An illustration of the Naval Research Laboratory’s plan
to knock space junk out of orbit
Here on earth, green enthusiasts tend to judge people for littering, but for 50 years, we’ve had little opposition to cluttering up space. Today, there are hundreds of millions of objects in low-earth orbit, ranging from defunct satellites to trashed lens caps and frozen urine. More than just an aesthetic problem, space junk can crash into satellites and endanger ships passing through on their way to deeper space. Several plans have been proposed to clean up the mess, some requiring advanced materials like aerogels, but the latest suggestion is a bit more cost effective: It just requires a bit of dust.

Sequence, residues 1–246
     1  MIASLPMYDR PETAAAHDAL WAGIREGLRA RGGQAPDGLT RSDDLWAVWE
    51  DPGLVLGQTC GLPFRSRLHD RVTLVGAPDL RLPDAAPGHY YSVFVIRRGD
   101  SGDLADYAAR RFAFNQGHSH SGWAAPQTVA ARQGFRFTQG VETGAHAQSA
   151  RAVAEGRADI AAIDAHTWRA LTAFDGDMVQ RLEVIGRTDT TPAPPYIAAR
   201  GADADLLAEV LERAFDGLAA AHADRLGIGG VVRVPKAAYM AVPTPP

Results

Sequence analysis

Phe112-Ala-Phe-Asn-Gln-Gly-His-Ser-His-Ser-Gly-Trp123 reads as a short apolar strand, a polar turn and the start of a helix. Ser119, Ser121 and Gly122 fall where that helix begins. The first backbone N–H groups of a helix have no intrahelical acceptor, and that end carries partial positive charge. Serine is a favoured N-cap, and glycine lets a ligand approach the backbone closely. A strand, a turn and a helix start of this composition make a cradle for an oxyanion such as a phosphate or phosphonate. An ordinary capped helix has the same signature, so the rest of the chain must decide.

Yesterday, the Russian space agency Roscosmos confirmed news from last week that they are pursuing plans to spend $2 billion cleaning up space debris. In a striking contrast to the secrecy that once cloaked space programs, the confirmation came via an announcement on Roscosmos’s official Facebook page:
Russia will build a special orbital pod that would sweep up satellite debris from space around the Earth.The cleaning satellite would work on nuclear power and would be capable to work up to 15 years. Energia said in a statement that the company would complete the cleaning satellite assembly by 2020 and test the device no later than in 2023.